Felix Gesnouin, Tim Schuhmacher and Laurie Harding for Richard Chai Love

Richard Chai Love, showed smart silhouettes and a cheerful and colorful color palette, which is quite rare for this season among designers in NYC. Short jackets meet updated leather combat boots and a lot of attention is paid to the stylism as pants are tucked in wool socks. Beautiful fabrics all-over on long coats. We also witness some very few prints (namely, stripes).



Roberto Sipos, Laurie Harding and Michael Lange for Duckie Brown

Duckie Brown, one of NYC most dynamic designer duo, were showing their first womenswear collection at the same time as their signature menswear. The interesting trait of this show is how gender roles are somehow bent throughout clothing; bright colors, bold prints and cuts (the men’s long shirts remind of tunics or dresses), color blocking and geometric details which all are, seemingly, women’s ceremonials, are integrated in the men’s wardrobe along an extravaganza of oxford shoes, lengths and volumes.



Roberto Sipos, Laurie Harding and Andreas Lindquist for Opening Ceremony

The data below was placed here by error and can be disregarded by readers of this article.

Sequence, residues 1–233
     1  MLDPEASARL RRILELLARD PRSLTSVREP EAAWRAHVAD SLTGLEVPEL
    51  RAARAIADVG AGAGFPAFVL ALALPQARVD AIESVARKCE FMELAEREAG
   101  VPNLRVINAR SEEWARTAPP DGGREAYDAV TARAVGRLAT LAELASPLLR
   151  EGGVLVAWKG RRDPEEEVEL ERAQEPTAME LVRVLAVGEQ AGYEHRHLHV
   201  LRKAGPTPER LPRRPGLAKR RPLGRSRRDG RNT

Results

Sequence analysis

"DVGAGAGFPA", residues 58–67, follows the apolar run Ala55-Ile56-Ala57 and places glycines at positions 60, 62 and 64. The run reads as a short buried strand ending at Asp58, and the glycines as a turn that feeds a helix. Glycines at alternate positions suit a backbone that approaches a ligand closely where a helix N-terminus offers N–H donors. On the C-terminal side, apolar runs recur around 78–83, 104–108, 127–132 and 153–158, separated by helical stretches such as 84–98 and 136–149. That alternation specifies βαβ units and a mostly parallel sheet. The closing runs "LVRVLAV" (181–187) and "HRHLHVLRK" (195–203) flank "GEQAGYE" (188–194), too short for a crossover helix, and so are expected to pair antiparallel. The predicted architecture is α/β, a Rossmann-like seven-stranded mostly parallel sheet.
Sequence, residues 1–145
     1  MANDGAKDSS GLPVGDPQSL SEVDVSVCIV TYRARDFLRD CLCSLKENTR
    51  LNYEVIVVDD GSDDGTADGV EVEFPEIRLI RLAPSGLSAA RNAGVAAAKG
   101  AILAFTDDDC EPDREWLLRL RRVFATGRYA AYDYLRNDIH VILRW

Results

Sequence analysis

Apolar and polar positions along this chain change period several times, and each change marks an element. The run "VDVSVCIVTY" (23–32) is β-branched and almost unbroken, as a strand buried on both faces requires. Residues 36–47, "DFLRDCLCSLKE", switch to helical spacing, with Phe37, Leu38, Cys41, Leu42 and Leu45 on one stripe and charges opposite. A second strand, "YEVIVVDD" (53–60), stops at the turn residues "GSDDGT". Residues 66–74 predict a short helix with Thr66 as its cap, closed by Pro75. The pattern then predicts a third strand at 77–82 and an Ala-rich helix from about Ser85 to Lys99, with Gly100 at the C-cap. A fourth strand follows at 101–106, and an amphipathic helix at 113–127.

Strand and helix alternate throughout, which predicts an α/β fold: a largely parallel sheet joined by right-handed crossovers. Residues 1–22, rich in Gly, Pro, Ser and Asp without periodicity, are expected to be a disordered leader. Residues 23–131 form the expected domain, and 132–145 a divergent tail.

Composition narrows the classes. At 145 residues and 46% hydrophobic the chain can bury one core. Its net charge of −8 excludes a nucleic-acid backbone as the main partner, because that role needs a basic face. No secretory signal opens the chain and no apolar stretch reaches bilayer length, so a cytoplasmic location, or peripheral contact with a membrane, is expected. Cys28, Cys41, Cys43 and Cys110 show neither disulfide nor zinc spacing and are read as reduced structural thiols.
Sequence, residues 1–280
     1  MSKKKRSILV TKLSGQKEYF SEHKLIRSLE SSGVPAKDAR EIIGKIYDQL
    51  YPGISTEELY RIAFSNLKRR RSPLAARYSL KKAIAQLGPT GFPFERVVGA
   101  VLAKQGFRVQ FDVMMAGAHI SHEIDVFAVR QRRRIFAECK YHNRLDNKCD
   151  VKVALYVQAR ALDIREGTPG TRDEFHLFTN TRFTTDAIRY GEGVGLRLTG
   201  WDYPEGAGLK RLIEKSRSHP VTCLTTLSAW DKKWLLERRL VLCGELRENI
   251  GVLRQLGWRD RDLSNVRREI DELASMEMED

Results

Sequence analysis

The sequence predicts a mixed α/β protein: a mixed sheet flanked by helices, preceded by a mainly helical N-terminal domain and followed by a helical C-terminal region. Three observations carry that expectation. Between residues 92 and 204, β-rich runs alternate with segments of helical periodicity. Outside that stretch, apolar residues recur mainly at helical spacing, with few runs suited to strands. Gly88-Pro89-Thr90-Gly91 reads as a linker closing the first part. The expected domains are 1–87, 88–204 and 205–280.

Opening Ceremony, one of the most anticipated NY show because of the excitement surround its founders and the usually incredible decorum that goes along with it was a show inspired by Europe and more precisely the crib to the creative class of fashion: Antwerp. The collection is sculptural, revolving around colour blocking and the sacred 3 colour rule. Emerald green, navy blue, pristine white are all part of a color palette which expresses itself on quilted jackets and coats. Geometric elements are in full force through symmetry of the forms and the now famous fingertip print. The silhouettes are modern, mixing voluminous tops with skinny bottoms (an up and coming trend?) but the accent is still put on wearability as each outfits feature zippers shaping the silhouettes in various ways.



Ander Hayward, Guerrino Santulliana and Jeroen Smits for Marc McNairy New Amsterdam

Mark McNairy New Amsterdam showed us what a schoolboy becoming a man would wear in his Fall/Winter 2014/2015 collection. The tone is playful as the designer is not afraid to include colors or prints on his ties and bowties. Fur accents are found here and there, shoes are double monk strap or wingtips, worn without socks and the pants are cuffed: the Mark McNairy man isn’t afraid to show his ankles even in the cold of winter and that contributed to his smartness. Sports accents (heavily inspired by varsity clothing), tartan, camo, pinstripes and stripes are some of the highlights of the collection.